Baltic states are redefining Nazi collaborators as ‘anti-communist combatants’ and their historic participation in anti-Semitic pogroms are justified as ‘patriotic anti-communism’. In former socialist states calls for gay rights are branded as a communist plot to undermine national morale. A statement issued in Lithuania by the Organisation for Security and Cooperation in Europe, equating Stalinism with Nazism for being equally guilty of war crimes, genocide and human rights abuses, is condemned in the 13 September 2009 issue of Cuba’s Granma International. The European Parliament proposed that 29 August, anniversary of the Molotov-Ribbentrop Pact (1939 Soviet-German Pact) should be declared a day of remembrance of the victims of Stalinism and Nazism. This is done while the official unemployment rate is 14% in Lithuania  and 16% in Latvia, when the average Gross Domestic Product in the former socialist countries has declined by 6.2% this year alone – down 18.4% in Lithuania, 16% in Latvia, 14% in the Ukraine, 8.5% in Russia, 6.5% in Hungary etc. Economy after economy in the former socialist countries has not seen such contraction and chaos since 1945.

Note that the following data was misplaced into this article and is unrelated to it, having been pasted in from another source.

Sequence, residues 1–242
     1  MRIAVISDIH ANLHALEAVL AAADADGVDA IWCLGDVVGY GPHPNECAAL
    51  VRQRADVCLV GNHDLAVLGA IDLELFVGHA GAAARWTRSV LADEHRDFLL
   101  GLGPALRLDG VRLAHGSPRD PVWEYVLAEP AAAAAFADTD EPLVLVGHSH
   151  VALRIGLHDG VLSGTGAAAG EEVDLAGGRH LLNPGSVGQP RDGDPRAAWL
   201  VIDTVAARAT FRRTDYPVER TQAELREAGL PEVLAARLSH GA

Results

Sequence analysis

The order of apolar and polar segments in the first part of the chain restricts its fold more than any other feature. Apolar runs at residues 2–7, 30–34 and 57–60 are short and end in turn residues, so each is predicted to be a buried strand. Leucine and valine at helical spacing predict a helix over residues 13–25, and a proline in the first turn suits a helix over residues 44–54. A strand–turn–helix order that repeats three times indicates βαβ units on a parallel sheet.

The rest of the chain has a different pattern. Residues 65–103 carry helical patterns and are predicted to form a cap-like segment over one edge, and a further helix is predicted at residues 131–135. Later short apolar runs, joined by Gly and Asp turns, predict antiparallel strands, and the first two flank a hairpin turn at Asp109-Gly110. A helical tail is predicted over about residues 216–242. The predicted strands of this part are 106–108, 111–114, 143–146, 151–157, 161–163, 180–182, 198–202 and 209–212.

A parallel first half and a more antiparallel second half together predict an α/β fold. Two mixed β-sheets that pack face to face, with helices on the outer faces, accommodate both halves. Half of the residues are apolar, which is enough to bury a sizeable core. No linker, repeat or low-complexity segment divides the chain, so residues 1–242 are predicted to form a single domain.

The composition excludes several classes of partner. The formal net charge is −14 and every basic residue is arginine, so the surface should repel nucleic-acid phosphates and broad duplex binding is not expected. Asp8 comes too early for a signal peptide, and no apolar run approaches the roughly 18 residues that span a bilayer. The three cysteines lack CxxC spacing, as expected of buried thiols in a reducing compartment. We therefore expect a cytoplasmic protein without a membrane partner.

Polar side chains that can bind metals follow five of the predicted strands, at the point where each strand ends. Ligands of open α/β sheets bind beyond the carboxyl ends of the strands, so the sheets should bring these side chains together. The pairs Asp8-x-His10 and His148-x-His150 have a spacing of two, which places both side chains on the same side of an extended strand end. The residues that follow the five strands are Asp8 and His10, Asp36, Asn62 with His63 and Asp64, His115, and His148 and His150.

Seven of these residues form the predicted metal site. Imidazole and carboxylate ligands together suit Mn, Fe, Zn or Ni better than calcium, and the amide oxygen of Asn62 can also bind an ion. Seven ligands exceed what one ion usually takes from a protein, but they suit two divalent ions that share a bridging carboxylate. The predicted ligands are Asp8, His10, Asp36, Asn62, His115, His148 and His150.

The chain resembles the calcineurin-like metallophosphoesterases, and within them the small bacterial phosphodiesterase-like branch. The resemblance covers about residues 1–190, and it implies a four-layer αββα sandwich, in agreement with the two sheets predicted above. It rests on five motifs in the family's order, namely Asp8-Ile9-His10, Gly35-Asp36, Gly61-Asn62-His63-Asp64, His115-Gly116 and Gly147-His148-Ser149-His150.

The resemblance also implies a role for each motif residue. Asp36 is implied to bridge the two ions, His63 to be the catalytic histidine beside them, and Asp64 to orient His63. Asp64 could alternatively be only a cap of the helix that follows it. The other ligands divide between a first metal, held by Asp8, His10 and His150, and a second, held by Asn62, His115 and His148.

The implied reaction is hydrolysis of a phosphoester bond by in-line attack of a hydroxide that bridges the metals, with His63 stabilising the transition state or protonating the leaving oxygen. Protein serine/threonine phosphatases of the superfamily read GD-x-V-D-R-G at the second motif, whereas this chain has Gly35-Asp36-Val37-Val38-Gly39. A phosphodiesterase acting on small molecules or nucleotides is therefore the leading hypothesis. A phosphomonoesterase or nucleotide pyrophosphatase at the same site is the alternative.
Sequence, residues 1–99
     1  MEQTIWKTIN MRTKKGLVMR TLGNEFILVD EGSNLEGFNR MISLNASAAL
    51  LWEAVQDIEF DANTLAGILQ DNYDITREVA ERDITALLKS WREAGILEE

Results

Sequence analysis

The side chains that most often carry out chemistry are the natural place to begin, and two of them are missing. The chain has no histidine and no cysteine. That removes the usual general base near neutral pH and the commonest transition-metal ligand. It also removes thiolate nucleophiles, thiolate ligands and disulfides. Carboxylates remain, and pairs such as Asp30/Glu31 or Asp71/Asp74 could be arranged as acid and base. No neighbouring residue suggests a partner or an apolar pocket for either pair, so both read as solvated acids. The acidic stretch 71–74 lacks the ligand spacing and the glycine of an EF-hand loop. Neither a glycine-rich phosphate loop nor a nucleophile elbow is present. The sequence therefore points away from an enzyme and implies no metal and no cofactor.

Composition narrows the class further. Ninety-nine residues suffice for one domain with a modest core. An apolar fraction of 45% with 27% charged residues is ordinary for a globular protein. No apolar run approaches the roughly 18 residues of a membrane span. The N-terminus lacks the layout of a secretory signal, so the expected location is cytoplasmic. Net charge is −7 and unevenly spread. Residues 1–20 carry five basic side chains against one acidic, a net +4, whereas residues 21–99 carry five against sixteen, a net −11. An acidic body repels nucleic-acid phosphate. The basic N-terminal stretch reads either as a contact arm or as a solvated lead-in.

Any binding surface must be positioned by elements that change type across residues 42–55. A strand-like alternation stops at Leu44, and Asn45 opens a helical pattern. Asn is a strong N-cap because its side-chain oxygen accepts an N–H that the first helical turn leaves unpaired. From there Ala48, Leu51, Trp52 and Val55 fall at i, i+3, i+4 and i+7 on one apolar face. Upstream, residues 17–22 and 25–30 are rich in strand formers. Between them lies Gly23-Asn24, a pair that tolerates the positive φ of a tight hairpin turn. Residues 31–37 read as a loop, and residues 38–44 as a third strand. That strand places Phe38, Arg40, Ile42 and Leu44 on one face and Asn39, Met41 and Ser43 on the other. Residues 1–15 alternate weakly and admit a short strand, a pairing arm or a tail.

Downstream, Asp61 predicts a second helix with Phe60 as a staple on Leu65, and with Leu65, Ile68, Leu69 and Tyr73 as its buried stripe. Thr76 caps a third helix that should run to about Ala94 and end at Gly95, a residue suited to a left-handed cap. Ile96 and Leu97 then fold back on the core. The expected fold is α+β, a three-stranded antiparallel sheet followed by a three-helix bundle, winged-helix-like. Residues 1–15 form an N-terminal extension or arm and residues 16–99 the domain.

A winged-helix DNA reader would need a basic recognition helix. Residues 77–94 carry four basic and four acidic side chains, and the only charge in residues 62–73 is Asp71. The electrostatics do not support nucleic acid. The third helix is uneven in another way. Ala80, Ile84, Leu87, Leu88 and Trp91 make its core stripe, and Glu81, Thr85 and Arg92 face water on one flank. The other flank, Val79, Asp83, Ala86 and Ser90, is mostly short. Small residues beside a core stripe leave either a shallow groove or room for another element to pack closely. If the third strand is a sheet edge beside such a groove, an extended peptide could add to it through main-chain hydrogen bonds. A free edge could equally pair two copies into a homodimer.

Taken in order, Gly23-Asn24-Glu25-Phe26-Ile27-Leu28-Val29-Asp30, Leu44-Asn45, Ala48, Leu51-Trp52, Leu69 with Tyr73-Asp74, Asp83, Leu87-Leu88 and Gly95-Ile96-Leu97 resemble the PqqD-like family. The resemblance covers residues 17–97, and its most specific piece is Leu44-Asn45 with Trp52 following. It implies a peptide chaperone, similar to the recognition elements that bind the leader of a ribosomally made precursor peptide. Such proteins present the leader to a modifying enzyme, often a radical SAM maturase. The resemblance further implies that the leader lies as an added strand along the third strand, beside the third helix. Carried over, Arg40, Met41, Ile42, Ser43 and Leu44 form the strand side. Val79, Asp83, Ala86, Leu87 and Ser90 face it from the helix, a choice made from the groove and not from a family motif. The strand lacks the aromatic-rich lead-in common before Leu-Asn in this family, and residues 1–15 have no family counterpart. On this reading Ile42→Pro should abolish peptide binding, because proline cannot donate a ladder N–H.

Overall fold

Russia’s industrial output is down almost 20% in a year. It is indicative that the total length of paved roads in Russia has fallen by almost a third since 2000; disrepair, weeds and forest return. In the former socialist countries governments discourage the media from reporting the scale of the crisis. The ruling classes are afraid.